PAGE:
The Raven continues to be used as a symbol in areas where it once had deep mythological status: The continuing fascination evidenced in not only contemporary stories and folk tales but throughout many areas of artistic expression across innumerable cultures. Many Native American tribes are known to hold the Raven as a key symbolic creature in creation myths. The Haida and Tlingit being two prominent ones. What is represented most powerfully throughout is the tangentially related elements of a mythic age when spirits freely transformed from animal to human and back.
An example of one of the most celebrated and beautiful of the myths is that of The Box of Daylight, in which Raven steals the stars, the moon, and the sun from Naas-sháki Yéil or Naas-sháki Shaan, the old man of the raven's tribe at the Head of the Nass River. The Old Man is very rich and owns three legendary boxes that contain the stars, the moon, and the sun; Raven wants these for himself (various reasons are given, such as wanting to admire himself in the light, wanting the light to find food easily, etc.). Raven transforms himself into a hemlock needle and drops into the water cup of the Old Man's daughter while she is out picking berries. She becomes pregnant with him and gives birth to him as a baby boy. The Old Man dotes over his grandson, as is the wont of most Tlingit grandparents. Raven cries incessantly until the Old Man gives him the Box of Stars to pacify him. Raven plays with it for a while, then opens the lid and lets the stars escape through the chimney into the sky. Later Raven begins to cry for the Box of the Moon, and after much fuss, the Old Man gives it to him but not before stopping up the chimney. Raven plays with it for a while and then rolls it out the door, where it escapes into the sky. Finally Raven begins crying for the Box of the Sun, and after much fuss finally the Old Man breaks down and gives it to him. Raven knows well that he cannot roll it out the door or toss it up the chimney because he is carefully watched. So he finally waits until everyone is asleep and then changes into his bird form, grasps the sun in his beak and flies up and out the chimney. He takes it to show others who do not believe that he has the sun, so he opens the box to show them and then it flies up into the sky where it has been ever since.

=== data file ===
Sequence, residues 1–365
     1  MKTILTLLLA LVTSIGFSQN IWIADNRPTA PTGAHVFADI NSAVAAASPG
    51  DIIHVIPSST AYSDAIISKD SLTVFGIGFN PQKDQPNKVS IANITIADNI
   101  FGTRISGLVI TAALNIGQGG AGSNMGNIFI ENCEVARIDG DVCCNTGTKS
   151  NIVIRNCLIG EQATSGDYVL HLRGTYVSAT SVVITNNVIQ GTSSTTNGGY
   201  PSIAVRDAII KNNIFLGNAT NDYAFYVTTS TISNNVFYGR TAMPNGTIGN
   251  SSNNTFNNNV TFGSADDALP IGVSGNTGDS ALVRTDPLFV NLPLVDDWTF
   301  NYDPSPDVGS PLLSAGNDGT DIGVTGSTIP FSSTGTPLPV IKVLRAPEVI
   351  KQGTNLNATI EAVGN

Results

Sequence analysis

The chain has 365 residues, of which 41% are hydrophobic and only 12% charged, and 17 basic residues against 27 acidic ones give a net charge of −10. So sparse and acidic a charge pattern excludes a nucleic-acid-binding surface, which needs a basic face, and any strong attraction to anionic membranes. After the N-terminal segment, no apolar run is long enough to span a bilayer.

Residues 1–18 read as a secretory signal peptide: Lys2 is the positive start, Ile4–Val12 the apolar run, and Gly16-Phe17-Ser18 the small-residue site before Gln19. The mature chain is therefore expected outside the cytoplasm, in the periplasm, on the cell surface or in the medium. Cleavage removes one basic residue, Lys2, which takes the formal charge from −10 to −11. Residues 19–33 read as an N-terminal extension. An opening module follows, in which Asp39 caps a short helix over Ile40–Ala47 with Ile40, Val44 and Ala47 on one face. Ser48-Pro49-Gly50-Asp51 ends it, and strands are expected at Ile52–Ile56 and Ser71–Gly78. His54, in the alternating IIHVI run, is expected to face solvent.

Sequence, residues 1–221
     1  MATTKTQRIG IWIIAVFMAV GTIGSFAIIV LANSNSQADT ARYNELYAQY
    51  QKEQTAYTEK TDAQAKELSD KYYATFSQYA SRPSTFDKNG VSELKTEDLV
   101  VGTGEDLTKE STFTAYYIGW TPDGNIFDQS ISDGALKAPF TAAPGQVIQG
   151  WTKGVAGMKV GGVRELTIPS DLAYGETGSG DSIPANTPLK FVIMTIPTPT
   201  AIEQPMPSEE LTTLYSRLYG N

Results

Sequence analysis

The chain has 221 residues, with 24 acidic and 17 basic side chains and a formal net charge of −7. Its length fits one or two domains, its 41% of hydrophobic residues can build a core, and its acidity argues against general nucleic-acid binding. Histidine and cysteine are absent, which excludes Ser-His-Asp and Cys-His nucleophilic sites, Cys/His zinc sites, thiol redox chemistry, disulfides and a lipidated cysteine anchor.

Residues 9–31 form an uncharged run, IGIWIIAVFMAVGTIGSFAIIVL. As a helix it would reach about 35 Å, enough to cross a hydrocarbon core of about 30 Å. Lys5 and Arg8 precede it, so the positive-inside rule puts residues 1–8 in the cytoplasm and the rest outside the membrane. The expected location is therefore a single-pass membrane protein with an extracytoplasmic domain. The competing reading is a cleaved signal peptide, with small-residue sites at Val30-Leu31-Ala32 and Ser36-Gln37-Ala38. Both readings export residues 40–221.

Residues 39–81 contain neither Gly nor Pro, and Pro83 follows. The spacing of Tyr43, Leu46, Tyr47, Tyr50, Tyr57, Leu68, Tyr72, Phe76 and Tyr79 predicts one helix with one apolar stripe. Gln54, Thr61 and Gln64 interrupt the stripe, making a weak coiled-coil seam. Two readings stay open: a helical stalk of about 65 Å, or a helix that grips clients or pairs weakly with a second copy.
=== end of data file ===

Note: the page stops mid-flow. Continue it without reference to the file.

In Norse mythology the power to understand the language of the birds was a sign of great wisdom. The god Odin had two ravens, called Hugin and Mugin, who flew around the world and told Odin what happened among mortal men.
The legendary king of Sweden Dag the Wise was so wise that he could understand what birds said. He had a tame house sparrow which flew around and brought back news to him. Once, a farmer in Reigotoland illed Dag's sparrow, which brought on a terrible retribution from the Swedes.
In the Rigsbulo Konr was able to understand the speech of birds.